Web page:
KIRSTEN POWERS, COLUMNIST, USA TODAY: Well first, I'm going to say it's a little hard to believe an eight-point lead by a Democrat. Is that what you said? You said the Democrat is up eight?


POWERS: Yes. I mean, that's very hard to believe, even in these circumstances. And Roy Moore already wasn't a particularly strong candidate prior to this happening. I think he was up about six points prior to this news breaking which is in a state that Trump won by almost 30 points.

So I think -- but at a minimum, the polls seem to be neck and neck. And the other thing is that they have definitely eroded since -- his support has eroded since the news broke. And so it's being factored in. Now does Trump make a difference? It certainly doesn't hurt him.

I think it probably helps him but we need to remember the primary where Republican voters chose to ignore what Trump had to say and went with Roy Moore in the first place. So, you know, I think that it helps him marginally. I don't think it's necessarily a game changer.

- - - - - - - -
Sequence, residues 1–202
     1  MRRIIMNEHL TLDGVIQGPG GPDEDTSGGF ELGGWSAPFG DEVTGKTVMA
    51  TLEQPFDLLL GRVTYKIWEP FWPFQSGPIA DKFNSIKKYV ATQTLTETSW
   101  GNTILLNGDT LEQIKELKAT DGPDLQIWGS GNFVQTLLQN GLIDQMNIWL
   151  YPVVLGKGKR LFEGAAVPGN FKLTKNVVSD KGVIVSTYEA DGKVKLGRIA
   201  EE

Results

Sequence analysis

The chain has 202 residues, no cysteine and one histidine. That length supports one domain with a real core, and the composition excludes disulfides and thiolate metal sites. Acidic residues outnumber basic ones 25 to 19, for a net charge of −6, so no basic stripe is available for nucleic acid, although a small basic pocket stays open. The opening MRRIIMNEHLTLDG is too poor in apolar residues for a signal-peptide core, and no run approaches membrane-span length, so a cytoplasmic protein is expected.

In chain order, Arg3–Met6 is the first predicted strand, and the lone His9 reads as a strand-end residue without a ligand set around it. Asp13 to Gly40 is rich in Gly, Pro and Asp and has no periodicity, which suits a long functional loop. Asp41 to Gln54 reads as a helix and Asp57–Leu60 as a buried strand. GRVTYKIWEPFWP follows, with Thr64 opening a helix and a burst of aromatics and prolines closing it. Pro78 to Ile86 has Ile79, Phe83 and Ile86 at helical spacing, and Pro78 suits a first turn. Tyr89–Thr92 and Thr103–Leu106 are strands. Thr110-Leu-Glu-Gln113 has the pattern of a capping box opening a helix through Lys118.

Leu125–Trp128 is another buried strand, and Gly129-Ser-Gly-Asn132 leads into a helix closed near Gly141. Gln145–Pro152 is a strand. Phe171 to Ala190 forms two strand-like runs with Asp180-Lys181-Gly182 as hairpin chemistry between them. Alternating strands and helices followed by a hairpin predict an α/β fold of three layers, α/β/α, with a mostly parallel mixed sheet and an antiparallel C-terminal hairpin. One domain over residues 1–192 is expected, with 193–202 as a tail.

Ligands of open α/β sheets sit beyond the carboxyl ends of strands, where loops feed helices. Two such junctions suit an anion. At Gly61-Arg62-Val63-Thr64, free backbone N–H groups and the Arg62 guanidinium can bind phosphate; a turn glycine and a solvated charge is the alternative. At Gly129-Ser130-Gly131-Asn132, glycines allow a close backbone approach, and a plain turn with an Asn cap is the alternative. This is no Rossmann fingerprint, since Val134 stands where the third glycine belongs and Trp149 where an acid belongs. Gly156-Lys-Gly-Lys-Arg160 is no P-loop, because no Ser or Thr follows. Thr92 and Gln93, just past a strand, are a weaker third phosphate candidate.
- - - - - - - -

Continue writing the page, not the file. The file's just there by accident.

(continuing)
HARLOW: And let's remind people, April, of what the President said in his defense of Moore just yesterday.


TRUMP: Well, he denies it. Look, he denies it. He totally denies it. He says it didn't happen. He said 40 years ago this did not happen.

Let me just tell you, Roy Moore denies it. That's all I can say. He denies it. And by the way, he totally denies it. Well, he denies. I mean, Roy Moore denies it. And by the way, he gives a total denial. He totally denies it.



HARLOW: In the same breath, I should note, April, that he also said women are special and this is an opportunity time for women in this country.

RYAN: Yes.

HARLOW: But you have the RNC, you have the National Republican Senatorial Committee saying we're holding our ground (ph), not reversing course, not restoring funding to the Roy Moore campaign. What does that tell you?

RYAN: Right. It says a lot. It says a lot. When the President looks for loyalty and unity, when he's looking for Republicans to stand by him on Capitol Hill and also at the RNC, and the RNC has broken ranks by not giving funding and support to Roy Moore.

People on the Hill, you have Senate and House leaders who have said, look, you know, there's credible evidence about this. You even have Senate Leader Mitch McConnell talking about, look, we're going to find a way to get him out if he wins.

[19:10:10] This is -- And I listened to the former head of the RNC, Michael Steele, saying this is not about the Republican Party and it's not about the women. You know, what does this boil down to, and we're going to wait to find out to see if the President next week -- you know, he's going to give us word next week -- if he's going to campaign for Roy Moore.

HARLOW: Right.

RYAN: This is beyond politics. This is beyond politics.